VMware Has Fixed a Vulnerability Discovered by Positive Technologies


Positive Technologies expert Egor Dimitrenko discovered a high severity vulnerability in VMware vSphere Replication data replication tool. This solution provides the ability to create backups of virtual machines and start them in case of a failure of the primary virtual machine. The error allowed attackers who had access to the VMware vSphere Replication administrator web interface to execute arbitrary code on the server with maximum privileges and begin moving inside the network to take control of the corporate infrastructure .


The security flaw was given CVE-2021-21976 and a CVSS v3 score of 7.2.


"Vulnerabilities that allow performing this kind of attack (Command Injection) are quite common in administration products , explains Yegor Dimitrenko . -Typically, such errors are caused by insufficient validation of user input, which subsequently ends up in the context of invoking system commands. Mechanisms for preventing such attacks are usually built into developer tools, protecting against the possibility of making mistakes when writing code. However, there are still anomalies in the code that have arisen, for example, when a new feature is hastily introduced or as a result of fixing an existing problem with hotfixes. To exploit a vulnerability found in a VMware product, an attacker needs credentials that can be obtained through the use of weak passwords or through social engineering attacks . "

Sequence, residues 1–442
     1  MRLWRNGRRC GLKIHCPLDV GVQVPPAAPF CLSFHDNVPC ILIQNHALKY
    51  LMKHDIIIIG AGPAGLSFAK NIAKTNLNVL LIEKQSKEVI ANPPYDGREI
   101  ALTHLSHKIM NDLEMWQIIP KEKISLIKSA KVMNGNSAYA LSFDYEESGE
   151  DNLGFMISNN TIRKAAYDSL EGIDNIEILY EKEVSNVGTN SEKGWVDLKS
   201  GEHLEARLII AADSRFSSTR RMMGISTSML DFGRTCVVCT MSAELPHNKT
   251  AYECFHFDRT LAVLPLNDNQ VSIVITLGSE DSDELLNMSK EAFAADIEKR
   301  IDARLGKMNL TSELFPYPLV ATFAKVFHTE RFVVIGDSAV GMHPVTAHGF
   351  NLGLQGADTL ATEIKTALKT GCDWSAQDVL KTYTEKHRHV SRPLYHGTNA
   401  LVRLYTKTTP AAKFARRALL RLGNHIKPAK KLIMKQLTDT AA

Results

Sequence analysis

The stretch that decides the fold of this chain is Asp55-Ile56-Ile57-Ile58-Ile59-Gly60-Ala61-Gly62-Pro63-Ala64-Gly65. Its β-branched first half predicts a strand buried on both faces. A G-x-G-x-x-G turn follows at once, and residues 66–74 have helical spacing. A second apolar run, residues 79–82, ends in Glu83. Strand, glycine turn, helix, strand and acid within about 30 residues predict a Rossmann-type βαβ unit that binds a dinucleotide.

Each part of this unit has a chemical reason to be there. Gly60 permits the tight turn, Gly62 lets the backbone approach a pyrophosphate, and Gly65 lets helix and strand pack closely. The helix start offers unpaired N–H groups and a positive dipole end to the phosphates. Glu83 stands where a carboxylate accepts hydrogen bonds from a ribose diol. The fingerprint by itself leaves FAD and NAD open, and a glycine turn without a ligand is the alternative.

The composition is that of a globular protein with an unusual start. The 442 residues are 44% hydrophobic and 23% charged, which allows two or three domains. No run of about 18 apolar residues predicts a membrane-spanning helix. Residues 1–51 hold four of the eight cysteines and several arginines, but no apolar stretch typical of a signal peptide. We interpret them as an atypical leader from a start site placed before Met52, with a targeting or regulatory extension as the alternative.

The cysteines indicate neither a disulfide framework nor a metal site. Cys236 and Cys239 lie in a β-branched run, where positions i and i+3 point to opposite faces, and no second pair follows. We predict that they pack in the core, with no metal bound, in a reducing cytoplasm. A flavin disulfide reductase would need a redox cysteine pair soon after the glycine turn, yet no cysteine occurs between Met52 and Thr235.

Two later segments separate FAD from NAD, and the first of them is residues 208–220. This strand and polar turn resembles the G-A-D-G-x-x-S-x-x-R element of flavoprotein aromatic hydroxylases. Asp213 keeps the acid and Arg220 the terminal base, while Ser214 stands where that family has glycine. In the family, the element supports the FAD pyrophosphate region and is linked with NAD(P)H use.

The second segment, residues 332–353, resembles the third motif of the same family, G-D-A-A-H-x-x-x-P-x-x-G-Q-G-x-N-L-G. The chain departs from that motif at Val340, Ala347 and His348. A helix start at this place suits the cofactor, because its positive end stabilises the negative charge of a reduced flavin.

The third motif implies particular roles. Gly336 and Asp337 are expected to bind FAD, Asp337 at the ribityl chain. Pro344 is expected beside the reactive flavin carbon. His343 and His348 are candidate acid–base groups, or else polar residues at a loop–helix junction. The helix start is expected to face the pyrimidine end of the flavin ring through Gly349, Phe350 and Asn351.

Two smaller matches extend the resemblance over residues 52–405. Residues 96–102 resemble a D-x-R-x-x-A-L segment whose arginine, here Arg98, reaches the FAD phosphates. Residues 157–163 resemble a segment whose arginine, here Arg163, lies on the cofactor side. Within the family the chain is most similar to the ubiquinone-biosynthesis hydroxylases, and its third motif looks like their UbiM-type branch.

To eliminate the vulnerability, you must follow the recommendations from formal notice to VMware. If it is not possible to install an update, then it is possible to detect signs of penetration using SIEM-class systems, which help to identify suspicious behavior on the server, register an incident and promptly stop the advance of intruders within the corporate network (this is how the MaxPatrol SIEM system works, for example).


In September 2020, Positive Technologies specialists discovered vulnerabilities of the same class (allowing to perform Command Injection) in PAN-OS, the operating system used by Palo Alto Networks' next generation firewalls (NGFW)

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